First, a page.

Edinburgh AIBO Robots
AIAI purchased 6 Sony AIBO robots in 2004 partially via its FEEDAI Fund to use for student and experimental projects and helped supervise a number of projects with University of Edinburgh and Heriot Watt University students at undergraduate and masters levels. Two AIBOs went to the Institute for Perception Action and Behaviour (Edinburgh’s Robotics Institute) for their research, one to the Principal’s Office (Prof. Sir Tim O’Shea) to entertain visitors, and one to the Informatics School’s Outreach Project. Two were retained for projects and demonstrations in AIAI… Pixel (White M2) and Kilobyte (Black M2). Both these were upgraded to the final Sony AIBO software and charging station target release M3 SP2 later. When Sony completed their development of the Sony AIBO and stopped producing the robots, I obtained all the released materials and behaviours, the on-board media files and demonstrations. The AIAI robots have been fully updated with all this content, which can be selectively enabled through the AIBO-Browser tool.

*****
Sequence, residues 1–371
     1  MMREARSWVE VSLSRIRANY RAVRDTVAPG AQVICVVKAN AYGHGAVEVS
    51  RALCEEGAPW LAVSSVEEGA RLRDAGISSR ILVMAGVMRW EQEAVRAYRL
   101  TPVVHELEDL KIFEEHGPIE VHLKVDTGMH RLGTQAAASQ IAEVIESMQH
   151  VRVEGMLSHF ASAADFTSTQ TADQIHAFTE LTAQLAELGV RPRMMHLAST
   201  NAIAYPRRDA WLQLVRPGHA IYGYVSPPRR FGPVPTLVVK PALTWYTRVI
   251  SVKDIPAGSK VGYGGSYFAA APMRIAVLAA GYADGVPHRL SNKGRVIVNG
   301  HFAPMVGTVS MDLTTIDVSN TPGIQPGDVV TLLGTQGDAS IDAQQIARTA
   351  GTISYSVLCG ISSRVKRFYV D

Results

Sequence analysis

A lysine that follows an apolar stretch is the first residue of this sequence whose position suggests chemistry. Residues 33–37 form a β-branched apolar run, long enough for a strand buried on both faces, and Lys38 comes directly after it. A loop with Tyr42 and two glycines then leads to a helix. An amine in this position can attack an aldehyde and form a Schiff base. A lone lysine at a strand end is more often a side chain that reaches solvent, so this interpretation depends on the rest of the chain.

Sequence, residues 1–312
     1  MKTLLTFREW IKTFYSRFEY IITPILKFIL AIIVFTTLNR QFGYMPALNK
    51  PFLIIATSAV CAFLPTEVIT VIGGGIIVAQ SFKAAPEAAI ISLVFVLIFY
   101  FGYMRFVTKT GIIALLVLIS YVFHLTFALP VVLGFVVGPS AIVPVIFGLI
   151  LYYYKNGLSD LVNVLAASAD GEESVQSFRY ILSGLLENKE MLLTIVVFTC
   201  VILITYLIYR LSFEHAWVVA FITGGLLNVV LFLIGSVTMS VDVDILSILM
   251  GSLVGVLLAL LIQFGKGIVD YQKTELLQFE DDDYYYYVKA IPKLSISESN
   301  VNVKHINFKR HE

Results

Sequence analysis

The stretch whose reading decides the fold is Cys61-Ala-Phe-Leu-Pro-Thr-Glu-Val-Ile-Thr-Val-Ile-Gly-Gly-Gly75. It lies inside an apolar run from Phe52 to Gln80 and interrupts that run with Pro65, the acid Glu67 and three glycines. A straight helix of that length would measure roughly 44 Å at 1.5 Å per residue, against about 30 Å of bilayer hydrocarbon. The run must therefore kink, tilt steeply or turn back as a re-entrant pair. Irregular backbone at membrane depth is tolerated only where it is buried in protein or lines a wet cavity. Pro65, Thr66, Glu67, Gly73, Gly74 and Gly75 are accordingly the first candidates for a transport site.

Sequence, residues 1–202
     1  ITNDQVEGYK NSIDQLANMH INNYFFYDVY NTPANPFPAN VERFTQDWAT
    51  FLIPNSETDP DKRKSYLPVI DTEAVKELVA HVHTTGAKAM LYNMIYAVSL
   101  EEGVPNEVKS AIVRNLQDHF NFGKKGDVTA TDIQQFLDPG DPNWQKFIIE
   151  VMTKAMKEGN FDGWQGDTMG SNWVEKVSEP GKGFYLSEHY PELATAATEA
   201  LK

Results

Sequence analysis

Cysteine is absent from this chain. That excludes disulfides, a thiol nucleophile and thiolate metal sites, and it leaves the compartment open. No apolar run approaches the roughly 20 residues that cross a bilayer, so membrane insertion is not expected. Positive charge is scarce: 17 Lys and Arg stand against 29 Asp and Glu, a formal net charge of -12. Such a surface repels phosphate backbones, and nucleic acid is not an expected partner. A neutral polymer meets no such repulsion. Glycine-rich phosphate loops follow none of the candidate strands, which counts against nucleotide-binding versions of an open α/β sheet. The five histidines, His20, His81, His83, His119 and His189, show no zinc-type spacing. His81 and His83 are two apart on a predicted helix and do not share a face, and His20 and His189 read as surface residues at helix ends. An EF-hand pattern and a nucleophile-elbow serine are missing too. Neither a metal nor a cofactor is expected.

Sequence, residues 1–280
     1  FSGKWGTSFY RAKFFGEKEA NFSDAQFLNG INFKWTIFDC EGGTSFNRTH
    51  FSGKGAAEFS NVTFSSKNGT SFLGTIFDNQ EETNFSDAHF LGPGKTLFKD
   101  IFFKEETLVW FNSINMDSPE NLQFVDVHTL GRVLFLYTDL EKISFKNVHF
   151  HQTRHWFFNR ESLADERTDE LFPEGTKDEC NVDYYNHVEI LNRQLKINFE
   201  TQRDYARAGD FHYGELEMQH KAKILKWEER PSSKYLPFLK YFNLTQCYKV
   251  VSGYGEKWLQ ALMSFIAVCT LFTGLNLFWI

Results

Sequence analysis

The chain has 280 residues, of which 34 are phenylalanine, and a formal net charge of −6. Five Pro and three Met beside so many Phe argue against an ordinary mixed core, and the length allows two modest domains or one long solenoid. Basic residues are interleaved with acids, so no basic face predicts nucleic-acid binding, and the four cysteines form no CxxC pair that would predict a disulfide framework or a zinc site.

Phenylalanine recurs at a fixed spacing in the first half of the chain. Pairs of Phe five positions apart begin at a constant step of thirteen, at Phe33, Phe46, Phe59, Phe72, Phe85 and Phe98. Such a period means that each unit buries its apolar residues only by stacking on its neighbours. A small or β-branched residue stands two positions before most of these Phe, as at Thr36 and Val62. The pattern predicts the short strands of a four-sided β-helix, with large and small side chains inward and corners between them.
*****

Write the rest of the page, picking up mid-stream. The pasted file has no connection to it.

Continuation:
Even after more than 10 years of life the Sony AIBO robots still exhibit new behaviours and are a remarkable example of robotic companions and entertainers. A new behaviour from Kilobtye was just exhibited today and that prompted this blog post.
Our work on the Sony AIBO robots also included using the Gostai URBI (Universal Robot Body Interface) package and API to custom program experiments on the AIBOs. Gostai in France was subsequently bought by Aldebaran Robotics who produce the Nao Robot which replaced the Sony AIBOs for the annual RoboCup competitions to measure progress on robotics team work. Programming of the Sony AIBO required use of the special “AIBO Pink Memory Stick” which replaced the normal AIBO software (purple for the M3) memory stick.
Pixel and Kilobyte for a period created entries in their blogs to log their daily activities… a trace and examples are at